Believe it or not, when I first entered university I thought Pittsburgh was a 'big city!' Having grown up on the side of a mountain in rural Colorado, I had no idea what to expect from attending a school with an urban campus and over 17,000 undergraduate students. Moving over 1,400 miles away from home was nerve-wracking, but I was determined to broaden my perspective and form my own independence. I could not have asked for a better place to start this journey than in my Freshman dorm, Forbes Hall. I immediately felt welcome and comfortable in my living space. I was able to participate in fantastic activities sponsored by the Honors College that allowed me to explore Pittsburgh, and it was also in Forbes Hall that I met my first friends whom I continue to be close with.
Due to my enrollment in the Swanson School of Engineering and rigorous Bioengineering coursework, I began to drift away from the Honors College after Freshman year. I still participated in a few events, but I lost contact with the staff who helped make my Freshman year so incredible. In my 4th year at Pitt, I encountered a situation that made me remember what a supportive organization the Honors College is.
In Fall 2010 I was a senior in Bioengineering, but I didn’t feel ready to graduate. I had played around with the idea of extending my undergraduate career by a year to pursue a different field, but in a major that I initially felt had to be science-related. Something, however, didn’t feel right. Throughout my entire life, I have always juggled science and art, both of which are great passions of mine. I often snuck art classes into my engineering schedule throughout college, even taking advantage of studio courses at Carnegie Mellon. I finally decided I wanted to stay an extra year to solely pursue art. To help initiate this new venture, I decided I needed external support from the people that are masters in multidisciplinary study: the Honors College. I will never forget my advising appointment with Mike Giazzoni, who with inspiring optimism told me that getting a double major in Bioengineering and Studio Arts was entirely possible and laid out what I needed to do in concrete, manageable steps.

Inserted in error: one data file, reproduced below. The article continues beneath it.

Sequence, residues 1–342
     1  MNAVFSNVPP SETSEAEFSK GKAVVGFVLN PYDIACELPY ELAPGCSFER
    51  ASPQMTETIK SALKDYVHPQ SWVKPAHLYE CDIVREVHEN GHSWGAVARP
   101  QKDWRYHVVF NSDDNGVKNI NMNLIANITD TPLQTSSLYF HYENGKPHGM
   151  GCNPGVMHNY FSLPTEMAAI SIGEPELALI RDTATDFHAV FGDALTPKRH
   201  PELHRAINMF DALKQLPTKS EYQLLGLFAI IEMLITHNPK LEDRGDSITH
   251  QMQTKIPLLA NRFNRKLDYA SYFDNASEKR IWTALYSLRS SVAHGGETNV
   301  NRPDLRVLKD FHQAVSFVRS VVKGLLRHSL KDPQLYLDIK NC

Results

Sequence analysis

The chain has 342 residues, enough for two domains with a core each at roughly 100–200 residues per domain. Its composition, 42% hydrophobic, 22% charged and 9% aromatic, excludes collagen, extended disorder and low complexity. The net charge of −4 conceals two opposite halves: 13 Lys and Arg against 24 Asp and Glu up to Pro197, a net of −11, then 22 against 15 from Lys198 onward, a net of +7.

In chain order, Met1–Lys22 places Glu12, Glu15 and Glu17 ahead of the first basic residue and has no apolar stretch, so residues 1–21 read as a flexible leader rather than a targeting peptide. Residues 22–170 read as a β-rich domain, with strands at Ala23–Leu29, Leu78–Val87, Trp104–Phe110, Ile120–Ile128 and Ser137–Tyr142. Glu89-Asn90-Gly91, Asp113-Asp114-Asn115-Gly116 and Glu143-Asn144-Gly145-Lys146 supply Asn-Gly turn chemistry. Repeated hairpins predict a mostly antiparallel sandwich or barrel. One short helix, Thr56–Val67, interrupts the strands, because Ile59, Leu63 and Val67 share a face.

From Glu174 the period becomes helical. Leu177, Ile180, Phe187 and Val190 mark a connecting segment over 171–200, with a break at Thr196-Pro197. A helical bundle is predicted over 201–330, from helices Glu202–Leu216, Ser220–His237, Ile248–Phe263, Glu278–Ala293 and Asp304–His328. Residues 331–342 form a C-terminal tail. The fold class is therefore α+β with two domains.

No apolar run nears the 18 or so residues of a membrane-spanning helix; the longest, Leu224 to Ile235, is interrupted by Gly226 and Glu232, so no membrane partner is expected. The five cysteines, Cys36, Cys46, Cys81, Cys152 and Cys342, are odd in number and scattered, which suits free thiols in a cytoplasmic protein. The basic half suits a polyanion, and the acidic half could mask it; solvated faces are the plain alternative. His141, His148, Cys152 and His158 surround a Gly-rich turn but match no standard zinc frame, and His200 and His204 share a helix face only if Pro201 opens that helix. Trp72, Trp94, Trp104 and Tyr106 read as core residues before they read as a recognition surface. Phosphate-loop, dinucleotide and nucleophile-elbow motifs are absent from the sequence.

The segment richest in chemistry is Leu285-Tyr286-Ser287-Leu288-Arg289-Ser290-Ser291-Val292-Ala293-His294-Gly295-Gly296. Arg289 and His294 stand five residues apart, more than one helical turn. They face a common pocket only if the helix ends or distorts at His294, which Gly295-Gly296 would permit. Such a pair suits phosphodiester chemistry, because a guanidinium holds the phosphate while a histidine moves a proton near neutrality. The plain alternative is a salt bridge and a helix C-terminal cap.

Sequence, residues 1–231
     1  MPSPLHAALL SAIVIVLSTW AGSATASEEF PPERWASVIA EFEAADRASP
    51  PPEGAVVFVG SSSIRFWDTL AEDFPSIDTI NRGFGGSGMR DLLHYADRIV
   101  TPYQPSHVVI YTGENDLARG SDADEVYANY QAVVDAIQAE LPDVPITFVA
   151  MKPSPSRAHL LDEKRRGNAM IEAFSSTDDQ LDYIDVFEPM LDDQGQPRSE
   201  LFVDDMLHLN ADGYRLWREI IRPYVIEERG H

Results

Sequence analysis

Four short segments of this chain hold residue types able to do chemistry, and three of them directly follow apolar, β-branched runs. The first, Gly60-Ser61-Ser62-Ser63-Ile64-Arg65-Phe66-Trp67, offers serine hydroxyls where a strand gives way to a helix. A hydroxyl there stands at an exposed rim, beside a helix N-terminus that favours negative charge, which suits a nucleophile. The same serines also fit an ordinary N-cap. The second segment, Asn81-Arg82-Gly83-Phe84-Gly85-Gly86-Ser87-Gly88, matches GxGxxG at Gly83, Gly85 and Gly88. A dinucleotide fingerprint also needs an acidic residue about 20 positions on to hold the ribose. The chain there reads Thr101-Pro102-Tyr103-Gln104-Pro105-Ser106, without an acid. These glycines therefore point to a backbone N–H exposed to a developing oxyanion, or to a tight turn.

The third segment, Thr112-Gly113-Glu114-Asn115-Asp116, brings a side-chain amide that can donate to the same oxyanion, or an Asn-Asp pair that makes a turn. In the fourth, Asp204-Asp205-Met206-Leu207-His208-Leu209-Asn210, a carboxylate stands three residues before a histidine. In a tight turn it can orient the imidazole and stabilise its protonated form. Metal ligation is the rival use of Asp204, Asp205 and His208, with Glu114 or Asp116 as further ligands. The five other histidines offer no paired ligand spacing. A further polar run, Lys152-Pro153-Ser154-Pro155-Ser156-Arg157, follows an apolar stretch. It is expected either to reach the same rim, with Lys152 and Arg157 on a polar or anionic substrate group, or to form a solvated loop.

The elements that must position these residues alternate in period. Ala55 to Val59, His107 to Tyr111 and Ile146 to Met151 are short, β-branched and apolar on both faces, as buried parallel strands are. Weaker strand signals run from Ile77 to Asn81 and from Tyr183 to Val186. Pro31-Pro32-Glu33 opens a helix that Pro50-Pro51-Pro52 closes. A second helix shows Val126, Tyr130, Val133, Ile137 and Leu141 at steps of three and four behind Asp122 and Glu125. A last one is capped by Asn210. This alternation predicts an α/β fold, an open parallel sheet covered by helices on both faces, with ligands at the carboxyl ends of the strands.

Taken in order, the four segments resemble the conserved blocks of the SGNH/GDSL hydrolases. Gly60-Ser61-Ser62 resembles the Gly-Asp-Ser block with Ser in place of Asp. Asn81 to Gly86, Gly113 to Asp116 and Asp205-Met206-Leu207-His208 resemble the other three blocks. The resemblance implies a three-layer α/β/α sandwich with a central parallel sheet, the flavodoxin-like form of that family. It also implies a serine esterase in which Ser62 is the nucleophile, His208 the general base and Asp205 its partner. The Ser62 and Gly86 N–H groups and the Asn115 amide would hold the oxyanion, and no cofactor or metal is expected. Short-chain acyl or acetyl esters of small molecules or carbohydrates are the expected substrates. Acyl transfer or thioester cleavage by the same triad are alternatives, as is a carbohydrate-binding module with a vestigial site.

Pursuing both art and science has opened up innumerable opportunities for me, both personally and professionally. When I reached my 5th and final year, I became more involved with the Honors College than ever before. I contacted Judy Zang, the Director of National Scholarships, about post-graduate international opportunities. Not only did she advise me about the ones I brought up, she also drew my attention to additional international programs that I didn’t know existed. In the months that followed, I was given an incredible amount of help and advice by both Mrs. Zang and Dean Stricker as I applied for numerous international fellowships. My gratitude is inexpressible for all the late nights they spent editing my essays and challenging me to clarify my ideas in writing. Getting to know them and other members of the Honors College has continued to open up exciting opportunities in my final year that I never thought I would be involved in. I highly recommend every incoming student - whether they feel they are part of the Honors College or not - to come up to the top of the Cathedral of Learning and meet the amazing staff. The personable interest the Honors College takes in every student’s success is incredible - no Pitt undergrad should pass this resource by!